Hold back your hand from the mill, you grinding girls; even if the cockcrow heralds the dawn, sleep on. For Demeter has imposed the labours of your hands on the nymphs, who leaping down upon the topmost part of the wheel, rotate its axle; with encircling cogs, it turns the hollow weight of the Nisyrian millstones. If we learn to feast toil-free on the fruits of the earth, we taste again the golden age.
Watermills were praised as far back as the 1st century BC, by Antipater of Thessalonica, who highlighted how the invention usefully lightened the burden on human workers. Widely used until the 1960s, the water mill was a relevant item for the local economy, as attested by a cartography of the hydrographical situation of the region from which emerges an overview of the high water-powered grain-mills distribution of Calabria in 1887.
But what do we know about the milling of cereals? Apparently, it is a very remote man achievement: the oldest mills unearthed in some prehistoric sites of Syria and Iraq date back to the 11th millennium BC. The oldest known mention of water mills in Calabria dates back to byzantin records that refer to the valley of Stilaro. Around 1059 a donation of a mill to the monastery of Saint Lorenzo took place. Not long afterwards, water mills were to be found in the whole region and, for centuries to come, economic actors. The matter came to a crisis after the unification of Italy. Following the imposition of a tax on flour, violent protests and demonstrations spread everywhere, flour millers shut down their mills while peasants broke into municipal buildings and public offices to protest.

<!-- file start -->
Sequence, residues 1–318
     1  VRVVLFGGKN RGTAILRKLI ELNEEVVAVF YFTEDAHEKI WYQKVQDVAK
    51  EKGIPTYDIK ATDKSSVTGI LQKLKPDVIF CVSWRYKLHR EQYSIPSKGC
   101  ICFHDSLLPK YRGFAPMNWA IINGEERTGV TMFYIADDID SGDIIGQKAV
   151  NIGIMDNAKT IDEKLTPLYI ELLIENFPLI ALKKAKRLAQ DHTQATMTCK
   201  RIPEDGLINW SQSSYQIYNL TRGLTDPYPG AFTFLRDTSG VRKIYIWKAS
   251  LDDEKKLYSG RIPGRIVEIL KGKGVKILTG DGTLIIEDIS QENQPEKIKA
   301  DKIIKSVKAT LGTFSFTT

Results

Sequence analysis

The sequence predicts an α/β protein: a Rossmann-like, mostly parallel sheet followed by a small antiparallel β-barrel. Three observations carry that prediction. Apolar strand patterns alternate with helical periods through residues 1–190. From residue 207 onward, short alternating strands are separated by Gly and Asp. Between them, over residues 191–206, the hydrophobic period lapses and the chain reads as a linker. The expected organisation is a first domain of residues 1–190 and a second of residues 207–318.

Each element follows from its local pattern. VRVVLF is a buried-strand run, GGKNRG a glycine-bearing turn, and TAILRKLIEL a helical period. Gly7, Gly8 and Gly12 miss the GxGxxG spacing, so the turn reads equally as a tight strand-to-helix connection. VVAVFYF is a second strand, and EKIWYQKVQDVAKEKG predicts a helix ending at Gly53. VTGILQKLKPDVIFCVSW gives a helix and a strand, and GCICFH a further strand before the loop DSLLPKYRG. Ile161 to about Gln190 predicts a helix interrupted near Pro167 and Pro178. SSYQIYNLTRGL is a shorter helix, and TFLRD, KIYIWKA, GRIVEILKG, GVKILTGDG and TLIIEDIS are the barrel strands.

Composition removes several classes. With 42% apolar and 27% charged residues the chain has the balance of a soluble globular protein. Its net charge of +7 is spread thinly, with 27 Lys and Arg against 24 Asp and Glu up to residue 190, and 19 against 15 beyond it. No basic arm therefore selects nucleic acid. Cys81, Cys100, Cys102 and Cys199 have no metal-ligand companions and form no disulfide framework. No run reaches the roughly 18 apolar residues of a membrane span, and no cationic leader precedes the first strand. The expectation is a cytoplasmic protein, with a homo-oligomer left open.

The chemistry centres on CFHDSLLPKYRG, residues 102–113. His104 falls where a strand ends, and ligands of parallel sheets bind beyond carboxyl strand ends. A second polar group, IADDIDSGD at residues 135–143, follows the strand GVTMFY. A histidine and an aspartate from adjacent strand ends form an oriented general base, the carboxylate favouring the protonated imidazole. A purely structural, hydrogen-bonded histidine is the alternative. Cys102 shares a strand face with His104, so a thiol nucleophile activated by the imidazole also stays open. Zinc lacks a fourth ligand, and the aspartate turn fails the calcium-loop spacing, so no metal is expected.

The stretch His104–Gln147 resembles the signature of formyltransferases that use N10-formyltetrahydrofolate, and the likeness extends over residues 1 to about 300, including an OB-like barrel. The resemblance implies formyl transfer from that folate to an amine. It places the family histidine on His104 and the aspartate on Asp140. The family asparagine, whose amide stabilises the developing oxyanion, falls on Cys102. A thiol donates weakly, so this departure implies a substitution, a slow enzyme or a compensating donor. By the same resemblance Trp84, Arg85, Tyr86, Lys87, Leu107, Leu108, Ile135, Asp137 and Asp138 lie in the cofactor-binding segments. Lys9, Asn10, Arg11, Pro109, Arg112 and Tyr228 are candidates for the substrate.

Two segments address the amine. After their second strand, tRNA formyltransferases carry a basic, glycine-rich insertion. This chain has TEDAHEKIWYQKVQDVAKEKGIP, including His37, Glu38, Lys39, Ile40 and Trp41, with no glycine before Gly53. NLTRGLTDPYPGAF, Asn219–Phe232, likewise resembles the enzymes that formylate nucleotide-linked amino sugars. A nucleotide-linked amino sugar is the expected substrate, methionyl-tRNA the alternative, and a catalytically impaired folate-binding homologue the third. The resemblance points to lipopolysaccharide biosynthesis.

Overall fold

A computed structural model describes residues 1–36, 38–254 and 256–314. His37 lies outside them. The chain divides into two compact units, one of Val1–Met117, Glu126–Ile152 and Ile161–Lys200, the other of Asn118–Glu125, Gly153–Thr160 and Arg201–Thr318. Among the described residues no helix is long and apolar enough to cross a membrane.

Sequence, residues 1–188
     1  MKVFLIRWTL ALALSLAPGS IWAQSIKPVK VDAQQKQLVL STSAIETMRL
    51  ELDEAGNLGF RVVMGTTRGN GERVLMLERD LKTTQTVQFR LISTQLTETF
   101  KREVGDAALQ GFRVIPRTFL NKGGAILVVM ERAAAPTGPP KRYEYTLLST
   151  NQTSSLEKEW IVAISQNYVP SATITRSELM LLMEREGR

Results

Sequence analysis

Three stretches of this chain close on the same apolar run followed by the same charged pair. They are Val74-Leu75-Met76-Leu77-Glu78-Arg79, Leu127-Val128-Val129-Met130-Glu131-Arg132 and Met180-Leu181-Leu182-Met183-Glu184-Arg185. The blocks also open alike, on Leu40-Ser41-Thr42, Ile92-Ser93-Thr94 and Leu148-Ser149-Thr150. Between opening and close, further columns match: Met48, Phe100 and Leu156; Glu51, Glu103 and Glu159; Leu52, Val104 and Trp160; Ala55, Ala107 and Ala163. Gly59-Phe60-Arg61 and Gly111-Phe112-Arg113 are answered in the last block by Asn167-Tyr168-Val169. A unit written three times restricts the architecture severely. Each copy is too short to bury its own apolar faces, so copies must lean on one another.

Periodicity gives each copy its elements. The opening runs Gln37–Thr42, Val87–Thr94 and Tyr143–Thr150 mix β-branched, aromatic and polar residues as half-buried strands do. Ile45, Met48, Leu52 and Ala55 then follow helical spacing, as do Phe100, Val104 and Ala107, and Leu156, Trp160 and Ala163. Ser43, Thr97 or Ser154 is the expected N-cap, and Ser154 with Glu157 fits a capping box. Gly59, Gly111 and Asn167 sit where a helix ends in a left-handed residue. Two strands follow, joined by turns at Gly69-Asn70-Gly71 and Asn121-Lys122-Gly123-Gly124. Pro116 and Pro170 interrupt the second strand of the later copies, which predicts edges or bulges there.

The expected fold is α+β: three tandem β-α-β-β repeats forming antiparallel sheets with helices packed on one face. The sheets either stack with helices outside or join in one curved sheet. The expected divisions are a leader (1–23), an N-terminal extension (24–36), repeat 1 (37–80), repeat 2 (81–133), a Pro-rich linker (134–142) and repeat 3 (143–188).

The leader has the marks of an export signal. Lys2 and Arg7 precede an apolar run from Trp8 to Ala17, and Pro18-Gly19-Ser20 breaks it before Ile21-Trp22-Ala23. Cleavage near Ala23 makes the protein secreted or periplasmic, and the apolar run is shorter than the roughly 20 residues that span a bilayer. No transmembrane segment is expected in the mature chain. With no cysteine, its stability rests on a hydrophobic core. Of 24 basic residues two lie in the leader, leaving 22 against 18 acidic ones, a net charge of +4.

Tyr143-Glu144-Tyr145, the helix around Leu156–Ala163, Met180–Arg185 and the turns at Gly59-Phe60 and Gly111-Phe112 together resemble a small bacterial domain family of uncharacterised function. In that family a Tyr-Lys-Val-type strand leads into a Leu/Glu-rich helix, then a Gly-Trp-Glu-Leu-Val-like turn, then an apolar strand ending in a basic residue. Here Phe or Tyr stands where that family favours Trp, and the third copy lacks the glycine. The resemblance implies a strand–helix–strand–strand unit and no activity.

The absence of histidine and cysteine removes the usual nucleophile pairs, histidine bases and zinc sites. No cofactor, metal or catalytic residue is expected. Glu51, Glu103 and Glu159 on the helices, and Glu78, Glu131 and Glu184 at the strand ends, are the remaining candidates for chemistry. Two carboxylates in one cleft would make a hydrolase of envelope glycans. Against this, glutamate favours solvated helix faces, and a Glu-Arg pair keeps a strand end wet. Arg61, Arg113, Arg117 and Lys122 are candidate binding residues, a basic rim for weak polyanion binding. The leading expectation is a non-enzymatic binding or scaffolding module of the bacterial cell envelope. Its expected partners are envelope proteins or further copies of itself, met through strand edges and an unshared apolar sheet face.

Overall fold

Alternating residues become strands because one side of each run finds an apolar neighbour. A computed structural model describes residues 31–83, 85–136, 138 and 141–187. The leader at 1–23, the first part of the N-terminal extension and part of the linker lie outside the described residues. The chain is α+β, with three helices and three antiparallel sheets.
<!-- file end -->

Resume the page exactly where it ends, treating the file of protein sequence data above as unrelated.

Within the territory of Guardavalle, there are about 18 water mills. The area is crossed by broad streams (in the local dialect “fiumare”) and torrents. The driving force of the water, indispensable for powering the mills, was used for grinding grain to produce flour. Of the related water mill system, abandoned as any longer functional, today little traces remain which are however important sources of cultural identity. In a corner of the town, a restored and fully functioning stone mill can be found. One of the many mills scattered within the village that was in the heart of a project of territorial re-qualification: from an ancient mill inoperative for many years, to a treasure house of the memory of centuries of traditions. Thanks to the support of people through crowdfunding and the financial commitment of the Punta Stilo Association, point of reference in the territory and promoter of cooperation, sustainable development and territorial enhancement.
This heritage if rediscovered conserved and enhanced can play an essential role in the area’s socioeconomic regeneration and it can be illustrative of the evolution of human society over time, especially for younger generations.
Francesca Politi – JUMP Team
Photos from Punta Stilo Association
Antonella Versaci, Alessio Cardaci, Luca Renato Fauzìa, Recovery and Conservation of Old Water Mills